BREAK IN TRANSCRIPT
Mr. MERKLEY. Mr. President, tonight we are wrapping up affairs here on the floor, and what is going on right now is that the main substitute amendment that had a whole series of other amendments attached to it that has been the result of the work over the last couple of days has been withdrawn, so we are back to square one in terms of addressing a series of national disasters around the country.
Tomorrow, with the new amendment, we will start off the day with a new basic amendment and a new chance to have amendments to the replacement. I explain this simply to say that a number of Senators who had amendments over the last couple of days will come back tomorrow and will ask to have their amendments be considered. I will be one of them, and I wanted to explain why.
In my home State of Oregon, we had the worst forest fires in a century this summer, and the devastation to ranchers and farmers was enormous. There was the loss of forage on their own land, the loss of forage on BLM land, certainly the loss of livestock, and the loss of miles of fencing in these fires. Basically, whole ranching enterprises were destroyed.
The largest of these fires was larger than the Presiding Officer's State, the State of Rhode Island. That is an enormous fire. That was just one of the many fires we had sweeping our State, and this was not just something that happened in Oregon. This happened in many States this summer because it goes along with something else, which is we had the worst drought in many parts of the country. So we have farmers and ranchers across this Nation devastated this past summer by drought, devastated by fires which were larger because of drought conditions.
Normally we would have had disaster programs to assist with these disasters. These disaster programs were authorized in the farm bill. In this Chamber we had a bipartisan coming together. We passed the farm bill, and we sent it over to the House. There it has sat, month after month after month, while our farmers and our ranchers all across this Nation faced these disasters with no assistance, no assistance in a situation in which they should be able to expect assistance. It is the tradition of our Nation that when there are extraordinary disasters, we rally together, respond and rebuild those communities, whether they be urban disasters or whether they be rural disasters. But because the farm bill has not been passed, not gotten to the President, these disaster programs have not been reauthorized, and our farmers and ranchers watch us and wait. They say where is our government, our partner, when disaster occurs?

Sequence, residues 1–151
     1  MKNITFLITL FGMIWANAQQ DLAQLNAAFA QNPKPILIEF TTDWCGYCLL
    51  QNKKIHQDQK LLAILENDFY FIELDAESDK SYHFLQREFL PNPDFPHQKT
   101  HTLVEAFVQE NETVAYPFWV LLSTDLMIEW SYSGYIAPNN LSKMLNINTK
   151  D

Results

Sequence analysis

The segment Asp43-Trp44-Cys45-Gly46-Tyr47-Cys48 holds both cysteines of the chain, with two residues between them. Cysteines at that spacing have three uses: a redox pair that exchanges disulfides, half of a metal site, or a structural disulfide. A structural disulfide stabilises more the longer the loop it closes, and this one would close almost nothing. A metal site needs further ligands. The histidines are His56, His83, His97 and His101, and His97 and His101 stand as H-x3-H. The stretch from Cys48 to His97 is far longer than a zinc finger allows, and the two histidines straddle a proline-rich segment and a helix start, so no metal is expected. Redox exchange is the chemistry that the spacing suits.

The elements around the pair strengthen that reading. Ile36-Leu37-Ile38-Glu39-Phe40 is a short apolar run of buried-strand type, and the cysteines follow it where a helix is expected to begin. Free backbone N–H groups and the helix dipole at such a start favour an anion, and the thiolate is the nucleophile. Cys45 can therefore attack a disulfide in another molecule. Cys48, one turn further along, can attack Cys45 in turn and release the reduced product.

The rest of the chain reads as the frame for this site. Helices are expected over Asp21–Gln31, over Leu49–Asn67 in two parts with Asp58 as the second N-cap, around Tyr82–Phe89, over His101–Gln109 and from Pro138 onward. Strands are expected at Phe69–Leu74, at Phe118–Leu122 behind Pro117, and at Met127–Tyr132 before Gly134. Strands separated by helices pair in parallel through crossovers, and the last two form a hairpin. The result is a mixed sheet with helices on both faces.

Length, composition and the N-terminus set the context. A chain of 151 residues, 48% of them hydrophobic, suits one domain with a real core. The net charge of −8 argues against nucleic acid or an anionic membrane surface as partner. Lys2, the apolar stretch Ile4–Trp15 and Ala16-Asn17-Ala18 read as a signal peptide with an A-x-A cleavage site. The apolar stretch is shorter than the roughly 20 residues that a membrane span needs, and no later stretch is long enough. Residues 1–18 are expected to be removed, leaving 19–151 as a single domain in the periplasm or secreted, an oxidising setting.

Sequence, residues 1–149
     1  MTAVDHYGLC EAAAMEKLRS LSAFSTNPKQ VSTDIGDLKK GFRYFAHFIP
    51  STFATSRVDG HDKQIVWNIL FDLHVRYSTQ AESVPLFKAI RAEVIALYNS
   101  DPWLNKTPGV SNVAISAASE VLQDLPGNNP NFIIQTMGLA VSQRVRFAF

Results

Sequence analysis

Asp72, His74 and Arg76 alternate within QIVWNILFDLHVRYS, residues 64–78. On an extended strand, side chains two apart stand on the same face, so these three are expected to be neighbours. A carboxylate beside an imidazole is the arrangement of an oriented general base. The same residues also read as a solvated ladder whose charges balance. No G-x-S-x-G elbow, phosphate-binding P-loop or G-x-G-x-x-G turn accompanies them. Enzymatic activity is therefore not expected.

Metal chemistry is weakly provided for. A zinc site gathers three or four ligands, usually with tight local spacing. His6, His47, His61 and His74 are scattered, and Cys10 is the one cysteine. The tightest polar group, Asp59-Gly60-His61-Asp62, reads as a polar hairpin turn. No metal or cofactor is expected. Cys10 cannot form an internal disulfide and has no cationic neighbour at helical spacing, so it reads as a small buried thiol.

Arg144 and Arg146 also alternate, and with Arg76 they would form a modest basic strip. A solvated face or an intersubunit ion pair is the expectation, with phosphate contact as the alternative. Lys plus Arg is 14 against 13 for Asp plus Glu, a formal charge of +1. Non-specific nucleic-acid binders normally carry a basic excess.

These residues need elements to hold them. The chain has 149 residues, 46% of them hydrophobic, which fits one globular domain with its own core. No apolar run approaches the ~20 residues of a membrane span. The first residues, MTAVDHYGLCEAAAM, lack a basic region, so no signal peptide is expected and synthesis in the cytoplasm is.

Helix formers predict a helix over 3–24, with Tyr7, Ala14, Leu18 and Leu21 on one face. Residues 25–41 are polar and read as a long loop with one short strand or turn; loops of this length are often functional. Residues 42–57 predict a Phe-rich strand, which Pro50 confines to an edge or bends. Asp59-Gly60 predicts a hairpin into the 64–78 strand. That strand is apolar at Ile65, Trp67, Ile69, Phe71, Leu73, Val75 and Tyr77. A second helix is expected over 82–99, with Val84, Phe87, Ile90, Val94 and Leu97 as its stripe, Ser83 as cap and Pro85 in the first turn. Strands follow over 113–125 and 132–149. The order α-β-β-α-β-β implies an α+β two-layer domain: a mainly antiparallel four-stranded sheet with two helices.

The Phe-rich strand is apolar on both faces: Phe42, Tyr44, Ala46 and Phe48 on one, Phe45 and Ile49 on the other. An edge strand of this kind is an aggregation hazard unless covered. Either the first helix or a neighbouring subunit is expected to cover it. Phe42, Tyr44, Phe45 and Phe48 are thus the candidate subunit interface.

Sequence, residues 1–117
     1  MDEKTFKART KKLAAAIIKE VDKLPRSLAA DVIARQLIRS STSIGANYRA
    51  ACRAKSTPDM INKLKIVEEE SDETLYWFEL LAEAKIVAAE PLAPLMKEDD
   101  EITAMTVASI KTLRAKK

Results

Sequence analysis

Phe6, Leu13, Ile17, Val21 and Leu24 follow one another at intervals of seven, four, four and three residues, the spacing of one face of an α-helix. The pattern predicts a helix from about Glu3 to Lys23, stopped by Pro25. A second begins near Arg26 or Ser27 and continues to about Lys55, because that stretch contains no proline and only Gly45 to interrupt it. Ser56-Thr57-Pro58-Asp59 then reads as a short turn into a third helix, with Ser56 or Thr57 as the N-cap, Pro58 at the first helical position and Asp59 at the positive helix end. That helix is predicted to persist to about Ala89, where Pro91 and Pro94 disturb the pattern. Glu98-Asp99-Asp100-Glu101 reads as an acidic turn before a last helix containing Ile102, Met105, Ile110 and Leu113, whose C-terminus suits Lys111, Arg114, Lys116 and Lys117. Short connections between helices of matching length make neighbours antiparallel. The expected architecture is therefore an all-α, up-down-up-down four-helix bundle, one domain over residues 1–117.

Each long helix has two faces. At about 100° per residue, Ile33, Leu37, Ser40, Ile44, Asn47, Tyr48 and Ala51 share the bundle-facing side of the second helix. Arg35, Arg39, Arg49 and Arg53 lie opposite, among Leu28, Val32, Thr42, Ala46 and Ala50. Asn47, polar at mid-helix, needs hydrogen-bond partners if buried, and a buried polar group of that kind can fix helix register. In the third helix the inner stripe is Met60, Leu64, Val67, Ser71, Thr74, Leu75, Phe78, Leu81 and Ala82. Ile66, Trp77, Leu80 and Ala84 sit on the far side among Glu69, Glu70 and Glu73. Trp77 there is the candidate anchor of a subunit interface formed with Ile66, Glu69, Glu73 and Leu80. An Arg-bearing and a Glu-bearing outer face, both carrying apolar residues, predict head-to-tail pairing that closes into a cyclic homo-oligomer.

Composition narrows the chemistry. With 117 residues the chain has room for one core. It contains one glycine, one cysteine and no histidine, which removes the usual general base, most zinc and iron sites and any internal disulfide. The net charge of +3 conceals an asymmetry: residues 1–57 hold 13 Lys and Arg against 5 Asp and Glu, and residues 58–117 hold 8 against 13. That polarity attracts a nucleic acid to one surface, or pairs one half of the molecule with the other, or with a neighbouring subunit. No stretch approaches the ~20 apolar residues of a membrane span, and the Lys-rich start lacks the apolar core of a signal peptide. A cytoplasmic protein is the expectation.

They know the tax dollars they pay go into the central government and have many times been allocated to others around this Nation facing disasters of all kinds--earthquakes, hurricanes, floods, droughts. But these individuals, now that Mother Nature has struck them, stand waiting.
We have an opportunity tomorrow to right this wrong. We have a bill that is about the enormous terrible disaster that affected our Northeastern States in the form of Hurricane Sandy.
We should be absolutely expedient in taking care of communities so dramatically affected. But at the same time, isn't it right that we take care of the other communities around this country that have faced disasters this last year that are waiting on us?
I invite my colleagues to come to the floor and explain to me if they feel it is not right to take care of the other disasters we have had this last year. I would like to be able to go to the ranchers and farmers in my State and explain to them the arguments that others might bring about why their disaster, the destruction of their livelihood that the great hand of Mother Nature struck, why we shouldn't address and assist them when we are assisting others so dramatically affected around this Nation. Quite frankly, I have no answer. I have no answer. I can't think of an answer.
Will any of my 99 colleagues come to me and explain why we shouldn't pass this amendment tomorrow, the amendment that I will propose? I will tell you that a number of us came together to propose this amendment. Senator Stabenow, Senator McCaskill, Senator Baucus, Senator Wyden, Senator Tim Johnson, Senator Franken, Senator Tom Udall, representing all kinds of parts of our Nation, who understand the impact that drought has had, understand the impact the fires have had. They have come together from different parts of the Nation to say we are in this together. Let's not leave stranded our ranchers and farmers when we gather to debate tomorrow. Let's let this amendment be brought forward, and let's get it passed as part of this very appropriate response to this very terrible disaster called Hurricane Sandy.
BREAK IN TRANSCRIPT